It kind of cheated in doing it, but Stick of Truth is quite possibly the funniest, most immersive game ever
Talking about South Park: Stick of Truth in a qualitative way isn’t easy. Instead of meriting the graphics, sound and presentation on their own terms, we simply have a checklist scrutinising how close these elements of the game are to their source material. In all instances, they are absolutely 100% spot on, so – in a way – they’re all indisputably 10-out-of-10s. The gameplay is somewhere around the 7 mark, with a simple-yet-enjoyable semi-turn-based combat system, and a free-roaming element that lets you wander the eponymous town, revelling in the references that have been built up over 17 years of one of the best comedy TV series of all time.
Matt Stone and Trey Parker know how to write comedy; they’re among the best at it. So along they come to utterly annihilate the competition in a medium that is still finding its feet when it comes to making us laugh (see our piece on Jazzpunk for a fine recent effort). Gaming’s not quite at the point where faces are realistic enough to capture those nuances of expression that make stand-up comedy what it is (just try and sit through a Ricky Gervais stand-up gig in GTA IV), so for the most part games have gone down the more surreal path to laughter, yielding some wonderfully original results; the aforementioned Jazzpunk and Grim Fandango to name a couple.
Stick of Truth is funny largely because it doesn’t remind us of a game, it reminds us of one giant episode of South Park, which is no doubt a nightmare prospect to some but a wet dream to the zealous cult following the series has gathered over the years. All it takes is to combine the focused, dedicated wits of Stone and Parker with some decent gameplay provided by Obsidian, and you have a game that’s incredibly addictive because the joy of laughter is addictive. You’re kind of playing to advance the story because that’s what you’re used to in games, but the novelty of actually featuring in one of the greatest TV comedies of all time isn’t quick to wear off; after all, it’s a formula that’s had seventeen years of longevity so far and counting. How can any game compete with that?
Immediately upon taking control of the New Kid a.k.a. Sir Douchebag (as Cartman knights you), I found that any semblance of critical objectivity got shattered by the monolithically fucking fantastic realisation that I’m in South Park; not just playing a game based on South Park, but I’m actually in South Park, in the actual real fictional cartoon cut-out town of South Park. ‘In the actual South Park?’ I hear you ask. ‘Yes, the actual South Park that you know and love, reacting to things that you – Sir Douchebag – do in it’. You can keep your Oculus Rifts and your 3D TVs. This is one of the most immersive games of all time for the millions who love the TV series, and Stone and Parker barely had to fart to achieve it.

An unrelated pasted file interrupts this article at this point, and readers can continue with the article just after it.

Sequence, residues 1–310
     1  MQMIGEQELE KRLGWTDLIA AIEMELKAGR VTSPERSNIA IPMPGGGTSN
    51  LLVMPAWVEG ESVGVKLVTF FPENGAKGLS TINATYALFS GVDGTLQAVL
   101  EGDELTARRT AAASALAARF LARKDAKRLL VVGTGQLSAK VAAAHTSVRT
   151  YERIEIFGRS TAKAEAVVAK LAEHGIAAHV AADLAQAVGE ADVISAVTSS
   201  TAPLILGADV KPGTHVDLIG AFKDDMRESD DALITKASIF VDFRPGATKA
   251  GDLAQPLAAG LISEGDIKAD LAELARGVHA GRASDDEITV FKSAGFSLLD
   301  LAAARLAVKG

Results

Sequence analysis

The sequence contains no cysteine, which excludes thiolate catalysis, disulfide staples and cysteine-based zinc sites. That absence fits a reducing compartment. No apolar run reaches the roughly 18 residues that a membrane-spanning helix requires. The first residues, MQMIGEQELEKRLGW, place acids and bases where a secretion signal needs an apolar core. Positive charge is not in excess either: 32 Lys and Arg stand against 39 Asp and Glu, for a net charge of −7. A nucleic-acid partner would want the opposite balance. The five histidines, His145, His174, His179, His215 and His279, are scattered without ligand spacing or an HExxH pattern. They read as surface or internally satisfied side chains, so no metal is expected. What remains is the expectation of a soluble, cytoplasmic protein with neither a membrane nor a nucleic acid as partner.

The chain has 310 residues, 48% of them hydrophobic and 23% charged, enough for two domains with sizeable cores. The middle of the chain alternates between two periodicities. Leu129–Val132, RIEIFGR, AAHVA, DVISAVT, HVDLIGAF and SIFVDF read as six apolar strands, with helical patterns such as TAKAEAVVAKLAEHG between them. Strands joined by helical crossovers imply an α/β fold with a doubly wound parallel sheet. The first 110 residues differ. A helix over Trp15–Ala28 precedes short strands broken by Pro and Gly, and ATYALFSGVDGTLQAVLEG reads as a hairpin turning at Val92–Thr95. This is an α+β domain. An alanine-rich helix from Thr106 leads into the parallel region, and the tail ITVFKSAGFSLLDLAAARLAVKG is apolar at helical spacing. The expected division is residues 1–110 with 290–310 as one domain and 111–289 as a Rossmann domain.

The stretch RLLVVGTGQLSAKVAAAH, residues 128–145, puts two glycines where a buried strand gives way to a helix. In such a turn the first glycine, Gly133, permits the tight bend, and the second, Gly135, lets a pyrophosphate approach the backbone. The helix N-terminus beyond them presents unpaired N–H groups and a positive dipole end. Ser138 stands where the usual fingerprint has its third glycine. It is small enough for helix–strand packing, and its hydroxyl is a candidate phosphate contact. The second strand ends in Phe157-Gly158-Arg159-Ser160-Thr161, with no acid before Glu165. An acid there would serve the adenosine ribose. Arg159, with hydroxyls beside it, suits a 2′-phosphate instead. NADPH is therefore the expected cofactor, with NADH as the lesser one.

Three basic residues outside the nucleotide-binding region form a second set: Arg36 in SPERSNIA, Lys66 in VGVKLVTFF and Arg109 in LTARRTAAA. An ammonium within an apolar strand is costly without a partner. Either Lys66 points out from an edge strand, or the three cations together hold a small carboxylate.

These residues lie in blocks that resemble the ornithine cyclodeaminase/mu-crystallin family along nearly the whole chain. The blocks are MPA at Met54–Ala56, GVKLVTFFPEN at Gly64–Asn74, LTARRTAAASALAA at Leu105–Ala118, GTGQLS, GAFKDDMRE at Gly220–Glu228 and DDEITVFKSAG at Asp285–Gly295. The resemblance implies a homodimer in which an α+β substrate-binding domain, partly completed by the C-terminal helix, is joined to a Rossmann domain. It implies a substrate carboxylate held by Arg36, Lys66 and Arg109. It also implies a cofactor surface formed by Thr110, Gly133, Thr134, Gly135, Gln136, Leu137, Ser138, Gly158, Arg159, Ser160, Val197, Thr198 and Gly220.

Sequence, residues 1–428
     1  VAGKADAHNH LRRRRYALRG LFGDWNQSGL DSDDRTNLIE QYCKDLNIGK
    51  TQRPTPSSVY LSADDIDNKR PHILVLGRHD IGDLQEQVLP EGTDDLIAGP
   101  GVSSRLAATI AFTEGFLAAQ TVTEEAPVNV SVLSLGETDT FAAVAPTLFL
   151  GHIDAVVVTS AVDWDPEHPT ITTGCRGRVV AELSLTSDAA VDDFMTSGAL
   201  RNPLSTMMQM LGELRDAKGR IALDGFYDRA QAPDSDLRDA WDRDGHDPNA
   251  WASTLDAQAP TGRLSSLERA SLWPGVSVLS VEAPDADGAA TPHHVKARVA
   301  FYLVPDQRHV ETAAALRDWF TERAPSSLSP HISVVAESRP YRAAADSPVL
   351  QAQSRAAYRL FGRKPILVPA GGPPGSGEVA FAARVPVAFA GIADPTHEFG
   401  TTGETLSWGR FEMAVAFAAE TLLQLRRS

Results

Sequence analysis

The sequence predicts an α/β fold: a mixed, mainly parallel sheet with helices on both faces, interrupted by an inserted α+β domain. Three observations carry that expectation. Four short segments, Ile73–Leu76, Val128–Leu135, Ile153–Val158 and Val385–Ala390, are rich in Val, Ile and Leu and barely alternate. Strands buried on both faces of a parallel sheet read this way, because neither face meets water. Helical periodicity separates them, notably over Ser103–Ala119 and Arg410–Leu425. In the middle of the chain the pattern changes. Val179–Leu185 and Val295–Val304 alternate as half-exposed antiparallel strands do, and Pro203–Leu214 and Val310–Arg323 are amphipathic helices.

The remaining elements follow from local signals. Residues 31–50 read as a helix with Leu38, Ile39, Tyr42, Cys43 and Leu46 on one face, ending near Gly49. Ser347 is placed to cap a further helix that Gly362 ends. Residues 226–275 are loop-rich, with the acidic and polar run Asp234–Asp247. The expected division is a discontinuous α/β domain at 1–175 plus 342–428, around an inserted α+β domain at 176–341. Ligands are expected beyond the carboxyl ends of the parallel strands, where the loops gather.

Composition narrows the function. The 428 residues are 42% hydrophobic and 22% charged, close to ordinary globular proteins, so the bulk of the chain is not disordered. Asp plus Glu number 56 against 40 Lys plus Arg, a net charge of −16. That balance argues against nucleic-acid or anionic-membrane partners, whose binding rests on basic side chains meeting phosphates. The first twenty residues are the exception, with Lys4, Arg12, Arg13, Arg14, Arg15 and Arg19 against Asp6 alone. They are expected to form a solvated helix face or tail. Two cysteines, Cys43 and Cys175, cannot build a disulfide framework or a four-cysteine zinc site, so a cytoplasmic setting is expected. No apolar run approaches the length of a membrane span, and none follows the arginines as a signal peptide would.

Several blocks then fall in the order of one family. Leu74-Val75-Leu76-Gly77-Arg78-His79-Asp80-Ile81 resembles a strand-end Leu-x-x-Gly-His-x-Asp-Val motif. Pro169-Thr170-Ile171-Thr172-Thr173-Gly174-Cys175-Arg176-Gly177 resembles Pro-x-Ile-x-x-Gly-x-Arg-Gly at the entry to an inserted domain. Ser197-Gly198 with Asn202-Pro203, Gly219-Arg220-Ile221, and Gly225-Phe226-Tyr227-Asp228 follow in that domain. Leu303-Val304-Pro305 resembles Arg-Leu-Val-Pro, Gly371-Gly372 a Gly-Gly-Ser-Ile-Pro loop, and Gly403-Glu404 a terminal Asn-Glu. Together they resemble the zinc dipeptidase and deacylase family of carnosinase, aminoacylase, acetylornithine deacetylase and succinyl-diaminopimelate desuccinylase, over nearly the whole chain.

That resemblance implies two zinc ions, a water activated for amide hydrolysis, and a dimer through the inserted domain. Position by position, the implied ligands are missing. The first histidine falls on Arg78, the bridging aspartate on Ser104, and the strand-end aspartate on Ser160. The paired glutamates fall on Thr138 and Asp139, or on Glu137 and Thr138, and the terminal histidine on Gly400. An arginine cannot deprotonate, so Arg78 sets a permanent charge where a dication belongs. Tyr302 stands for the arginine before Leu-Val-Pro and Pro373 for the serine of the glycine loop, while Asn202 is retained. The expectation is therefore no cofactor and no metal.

It’s not an illusion either. Playing Skyrim, you can always muse over how realistic the trees are, but they’ll always be derivatives of the real thing. Last of Us can be oh-so heartrending, but have your real-life best friend’s face sprout into a giant fungal vagina and then see how sad you feel. South Park has never existed outside of my television screen, so there is nothing more it needs to do to make me believe I’m actually in there is accurately recreate the rich and hilarious South Park world and play fairly well.
Will games ever be this funny?
In finally creating a truly faithful South Park game in which none of the referencing and humour has been diluted, the bar has been set unfairly high for comedy games. From here on in, when talking about what the funniest games we ever played, Stick of Truth will most likely be mentioned first, towering over the valiant competition like some terrible Mecha-Streisand. It’s only after burning yourself out on the game-cum-TV-show’s hilarity that you’ll remember the original question and casually mention a few games that made you smile.
Not that we should complain. Stick of Truth is the perfect conversion of a popular TV show into a game; its critical and – hopefully – commercial success may encourage other iconic adult cartoon shows to go down a similar path of truly placing you in the show’s world, rather than awkwardly jamming the show into a game world. Stick of Truth has set a new precedent that many cartoon TV show creators should seriously think about following.
Image Credits: Ubisoft